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EU set to partly delay key banking reform, as US drags feet

Brussels is looking to relax EU banking rules
Brussels is looking to relax EU banking rules Copyright AP Photo
Copyright AP Photo
By Jack Schickler
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Brussels will likely be under pressure to boost competitiveness as its politics takes a rightward turn.


Just days after European elections, EU officials are planning to shave some of the banking-sector protections designed to prevent a return of the 2008 financial crisis, a source briefed on the issue told Euronews.  

In 2017, an international standard-setters organisation issued a reform designed to hike the capital European banks need to issue against risk.  

The worry was that many lenders were undercounting risk by using their own, tailored internal models – leaving them dangerously exposed, and risking a further wave of taxpayer bailouts, should the economy turn sour. 

After much haggling, Brussels finally agreed on complex rules to put that global deal into effect.  

EU member states finally signed it off just two weeks ago, on 30 May.  

Now Brussels officials are concerned that other parts of the world won’t carry out their side of the bargain, since US regulators won't implement controversial measures in an election year. 

Later this month, the EU executive will propose to delay some aspects of its recent overhaul, the source told Euronews.  

The move would delay provisions designed to protect banks’ trading books against the market risk of volatility across the financial system, and as such concerns “just a small aspect” of the recently agreed law, the source said, speaking on condition of anonymity.  

Provisions previously due to take effect in January 2025, would be delayed by a further year, under the secondary Commission legislation which then needs to be approved by MEPs and member states.  

But, with the UK also threatening to dawdle, the EU doesn’t want to be the only jurisdiction to move, and potentially stymie its own banks’ competitiveness.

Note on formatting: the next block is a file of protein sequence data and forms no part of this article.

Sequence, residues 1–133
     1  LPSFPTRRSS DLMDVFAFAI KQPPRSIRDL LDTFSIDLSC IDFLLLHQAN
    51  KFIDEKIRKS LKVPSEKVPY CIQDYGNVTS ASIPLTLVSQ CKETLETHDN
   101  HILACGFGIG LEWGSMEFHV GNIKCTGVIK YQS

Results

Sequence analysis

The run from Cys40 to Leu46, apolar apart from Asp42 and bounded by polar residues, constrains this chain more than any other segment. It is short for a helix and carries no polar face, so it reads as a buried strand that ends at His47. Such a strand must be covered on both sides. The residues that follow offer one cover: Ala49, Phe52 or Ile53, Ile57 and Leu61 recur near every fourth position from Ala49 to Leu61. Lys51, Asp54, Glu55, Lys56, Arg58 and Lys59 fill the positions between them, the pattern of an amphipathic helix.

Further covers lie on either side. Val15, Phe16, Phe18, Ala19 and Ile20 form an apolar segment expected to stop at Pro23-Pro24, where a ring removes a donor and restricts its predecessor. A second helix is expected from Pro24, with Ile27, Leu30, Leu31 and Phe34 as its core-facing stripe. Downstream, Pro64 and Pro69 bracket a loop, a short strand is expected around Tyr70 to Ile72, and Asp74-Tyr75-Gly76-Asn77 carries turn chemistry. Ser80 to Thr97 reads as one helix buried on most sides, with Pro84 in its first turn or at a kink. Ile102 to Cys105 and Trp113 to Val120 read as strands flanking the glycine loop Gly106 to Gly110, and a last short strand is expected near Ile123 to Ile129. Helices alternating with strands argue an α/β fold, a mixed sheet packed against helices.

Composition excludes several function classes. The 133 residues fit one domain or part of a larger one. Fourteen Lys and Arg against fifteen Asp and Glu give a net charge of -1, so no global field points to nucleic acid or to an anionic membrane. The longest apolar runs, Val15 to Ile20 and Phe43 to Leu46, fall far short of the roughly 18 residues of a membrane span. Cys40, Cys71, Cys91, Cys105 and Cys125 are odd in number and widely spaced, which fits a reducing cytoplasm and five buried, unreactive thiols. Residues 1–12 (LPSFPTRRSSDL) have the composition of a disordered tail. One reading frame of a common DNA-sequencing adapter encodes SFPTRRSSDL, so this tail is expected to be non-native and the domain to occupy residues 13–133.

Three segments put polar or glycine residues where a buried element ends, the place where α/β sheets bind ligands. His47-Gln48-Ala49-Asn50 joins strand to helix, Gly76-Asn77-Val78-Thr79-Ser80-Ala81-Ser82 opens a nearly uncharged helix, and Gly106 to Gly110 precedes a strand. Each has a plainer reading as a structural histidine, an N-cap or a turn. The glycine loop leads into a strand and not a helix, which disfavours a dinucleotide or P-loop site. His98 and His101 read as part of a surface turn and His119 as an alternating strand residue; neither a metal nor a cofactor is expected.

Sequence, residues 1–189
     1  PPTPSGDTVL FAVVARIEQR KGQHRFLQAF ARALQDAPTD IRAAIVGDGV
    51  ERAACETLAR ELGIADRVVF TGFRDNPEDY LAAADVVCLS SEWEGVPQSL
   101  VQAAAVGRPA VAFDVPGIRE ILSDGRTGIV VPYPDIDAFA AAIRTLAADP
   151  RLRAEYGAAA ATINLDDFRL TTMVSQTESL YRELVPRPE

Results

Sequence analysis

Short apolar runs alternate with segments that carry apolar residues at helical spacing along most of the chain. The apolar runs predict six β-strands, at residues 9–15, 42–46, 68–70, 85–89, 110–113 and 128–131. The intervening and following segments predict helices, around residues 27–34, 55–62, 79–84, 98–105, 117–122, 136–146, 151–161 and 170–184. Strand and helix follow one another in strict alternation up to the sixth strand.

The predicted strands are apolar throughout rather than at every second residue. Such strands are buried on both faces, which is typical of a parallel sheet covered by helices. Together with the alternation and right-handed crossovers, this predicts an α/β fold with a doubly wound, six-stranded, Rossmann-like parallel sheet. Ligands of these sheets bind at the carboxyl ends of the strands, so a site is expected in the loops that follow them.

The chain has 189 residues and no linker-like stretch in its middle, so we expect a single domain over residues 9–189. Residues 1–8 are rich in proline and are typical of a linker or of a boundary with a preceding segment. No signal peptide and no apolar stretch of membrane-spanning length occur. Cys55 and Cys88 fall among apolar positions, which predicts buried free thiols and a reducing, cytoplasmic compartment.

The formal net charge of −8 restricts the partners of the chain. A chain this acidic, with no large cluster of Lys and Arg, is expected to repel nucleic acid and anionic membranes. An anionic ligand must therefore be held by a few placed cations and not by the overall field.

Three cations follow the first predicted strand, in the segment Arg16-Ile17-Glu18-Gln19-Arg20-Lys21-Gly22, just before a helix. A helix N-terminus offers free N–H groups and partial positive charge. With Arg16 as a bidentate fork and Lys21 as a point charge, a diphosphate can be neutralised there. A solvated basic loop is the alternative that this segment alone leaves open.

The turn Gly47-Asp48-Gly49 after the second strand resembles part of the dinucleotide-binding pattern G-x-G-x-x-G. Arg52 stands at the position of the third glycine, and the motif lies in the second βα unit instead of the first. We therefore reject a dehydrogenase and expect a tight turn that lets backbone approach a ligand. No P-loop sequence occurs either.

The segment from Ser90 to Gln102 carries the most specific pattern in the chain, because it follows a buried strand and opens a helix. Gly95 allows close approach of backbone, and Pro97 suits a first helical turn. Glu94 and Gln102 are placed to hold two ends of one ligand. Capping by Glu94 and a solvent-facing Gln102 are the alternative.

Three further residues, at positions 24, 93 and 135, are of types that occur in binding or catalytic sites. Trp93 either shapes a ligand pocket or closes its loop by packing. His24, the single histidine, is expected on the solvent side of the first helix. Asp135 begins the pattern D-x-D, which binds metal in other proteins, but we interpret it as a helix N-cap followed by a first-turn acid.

“Given the uncertainty around the implementation of the standards in other jurisdictions, the Commission monitors the international developments and stands ready to act if necessary in specific areas,” a Commission spokesperson told Euronews.  

A delay would certainly prove popular with the European industry – who complain that constantly hiking reserves restricts their ability to lend to the economy. 

Without alignment, "European banks cannot offer clients the same conditions as US counterparts,” Gonzalo Gasos, Senior Director of Prudential Policy & Supervision at lobby group the European Banking Federation, told Euronews in a written statement. That could create a “major competitive issue” as of the first day of any discrepancy, Gasos added.  

The move comes just after EU elections returned a more right-leaning, eurosceptic parliament.  

The Commission, whose senior officials are set for a reshuffle in November, may now find itself under pressure to cut the red tape that’s perceived as holding back competitiveness.  


There's already a debate over whether Brussels will roll back its landmark climate rules, such as a ban on the sale of new petrol and diesel cars. 

But there could also be a wider move to unpick other areas of post-crisis financial rules, including for securitisations, the structured packages of loans deemed to be responsible for the financial crisis.  

In 2008, after the US housing market crash, the widespread resale of securitisations meant many lenders were left with toxic or worthless assets on their books.  

But Brussels may now be looking to relax some of the extra capital rules it introduced in response – protections previously defended by left-leaning lawmakers.  


That plan has been championed by the European Central Bank, and by EU member states, who put relaunching securitisation at the top of a wishlist of measures to boost capital markets.  

That’s borne fruit, and EU financial services commissioner Mairead McGuinness has promised a consultation on how to revise the market for the autumn.  

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